Category Archives: Not Recommended

Charlotte and Her Lover (1960, Jean-Luc Godard)

Somewhere around minute seven–of an unlucky thirteen–Charlotte and Her Lover's ending started to seem inevitable; predictability makes the last six minutes even more tiresome. Writer, director, and de facto lead Godard (he looped in the ranting monologue for onscreen lead Jean-Paul Belmondo) could have done the whole thing in three minutes and maybe gotten away with it. At thirteen minutes, it's just annoying (though I guess it does move fairly fast).

The short opens with Anne Collette, who's not very good but how could one tell given she mostly just makes cute little noises and has maybe two actual lines before Lover's punchline. She's going to Belmondo's apartment, where he's chewing on a cigar–sometimes a cigar's just a cigar but not here–and being a soulful unpublished novelist. They're former lovers. She left him for a successful movie guy. He rants and raves at her for eleven minutes, saying very little of content. Given Godard then dubbed all the audio, it seems like Lover had an actual script, but… wow, if it did. It's real, real bad. Ad-libbing it maybe you could forgive some. But Godard intentionally writing out the rant for someone to deliver aloud?

Icky bad.

Nothing Belmondo says matters in the end because of the punchline. But it's mostly pseudo-macho blather with some nice passive (and active) misogyny thrown in. Though Godard presents Collette from Belmondo's perspective–she's an adorably dressed nitwit who has what seems to be a clown's theme accompanying her on the soundtrack. Again, if it were ten minutes shorter… might work. Ten minutes shorter with a minute for the opening and closing titles. So two minutes instead of thirteen. At that length, the lack of character for Collette might be all right and Godard's delivery of the monologue might not grate too much.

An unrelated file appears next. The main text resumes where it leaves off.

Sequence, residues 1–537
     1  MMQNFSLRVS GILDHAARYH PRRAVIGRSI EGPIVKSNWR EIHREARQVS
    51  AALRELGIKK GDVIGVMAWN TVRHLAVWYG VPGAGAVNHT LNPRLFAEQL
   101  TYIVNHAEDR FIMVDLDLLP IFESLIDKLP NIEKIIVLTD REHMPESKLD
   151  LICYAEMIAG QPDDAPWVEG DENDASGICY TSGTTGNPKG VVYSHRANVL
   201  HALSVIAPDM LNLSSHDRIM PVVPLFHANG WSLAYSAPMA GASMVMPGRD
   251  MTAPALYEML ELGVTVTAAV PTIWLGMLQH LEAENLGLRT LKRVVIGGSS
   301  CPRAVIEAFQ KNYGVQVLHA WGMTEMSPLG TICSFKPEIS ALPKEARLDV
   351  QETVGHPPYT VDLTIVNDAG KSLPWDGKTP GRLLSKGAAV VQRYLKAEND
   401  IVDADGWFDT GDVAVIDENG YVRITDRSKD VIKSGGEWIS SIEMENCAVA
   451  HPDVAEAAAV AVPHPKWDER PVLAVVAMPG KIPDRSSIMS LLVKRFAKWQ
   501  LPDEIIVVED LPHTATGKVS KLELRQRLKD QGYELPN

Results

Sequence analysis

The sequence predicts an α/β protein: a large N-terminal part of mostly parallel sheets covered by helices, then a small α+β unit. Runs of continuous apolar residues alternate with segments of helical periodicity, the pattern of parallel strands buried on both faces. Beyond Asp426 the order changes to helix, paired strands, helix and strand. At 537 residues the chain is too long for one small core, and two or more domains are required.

Alas, it's that thirteen.

Lover doesn't just not have the script going for it–and an entirely dialogue-based short with a lousy script is already circling the bowl–it also doesn't have any visuals going for it. Godard's composition and stage direction aren't any better than his dialogue (or his performance).

Like I said, sometimes a cigar is just a cigar, but sometimes it's a metaphor for the short being a turd taking thirteen minutes to finally go down.

Charlotte and Her Lover is risible.

1/3Not Recommended

CREDITS

Written and directed by Jean-Luc Godard; director of photography, Michel Latouche; music by Robert Monsigny; produced by Pierre Braunberger; released by Unidex.

Starring Anne Collette (Charlotte) and Jean-Paul Belmondo (Jules).


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Mesmerize Me (2009, Kate Hackett)

Mesmerize Me is frustratingly middling. It keep seems like it has to be going somewhere, only for it to go nowhere. It’s not a short short—it’s twenty-four minutes—and there’s a disjointed act structure. The third act is way too short, leveraging the “twist” ending way too much. Only it’s not a twist ending. It’s not exactly predictable, but only because it’s such an unbelievably tepid finish you don’t want to anticipate it. You’re hoping for something better.

The short is a period piece set in the late 1800s California. Good costumes, okay locations, not great attention to detail on making things dirty—clothes and people, competent direction, shallow but not inept cinematography (by Cat Deakins), and good music (by Nora Kroll-Rosenbaum). If it were even slightly sensational, Mesmerize Me might at least come off as a romance novel cover turned into a movie. But it’s not sensational. At all. Even when it ought to be, like when lead Natalie Smyka seduces her opium-addicted fake doctor Cameron Cash while her parents are asleep elsewhere in the house.